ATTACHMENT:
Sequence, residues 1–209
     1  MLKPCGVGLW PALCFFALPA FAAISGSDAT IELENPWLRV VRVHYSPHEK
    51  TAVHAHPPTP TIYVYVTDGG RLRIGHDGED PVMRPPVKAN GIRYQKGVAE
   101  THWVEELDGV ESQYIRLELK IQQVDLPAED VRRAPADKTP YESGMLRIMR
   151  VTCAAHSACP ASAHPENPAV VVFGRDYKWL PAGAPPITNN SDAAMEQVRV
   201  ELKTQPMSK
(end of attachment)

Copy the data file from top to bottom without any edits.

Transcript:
Sequence, residues 1–209
     1  MLKPCGVGLW PALCFFALPA FAAISGSDAT IELENPWLRV VRVHYSPHEK
    51  TAVHAHPPTP TIYVYVTDGG RLRIGHDGED PVMRPPVKAN GIRYQKGVAE
   101  THWVEELDGV ESQYIRLELK IQQVDLPAED VRRAPADKTP YESGMLRIMR
   151  VTCAAHSACP ASAHPENPAV VVFGRDYKWL PAGAPPITNN SDAAMEQVRV
   201  ELKTQPMSK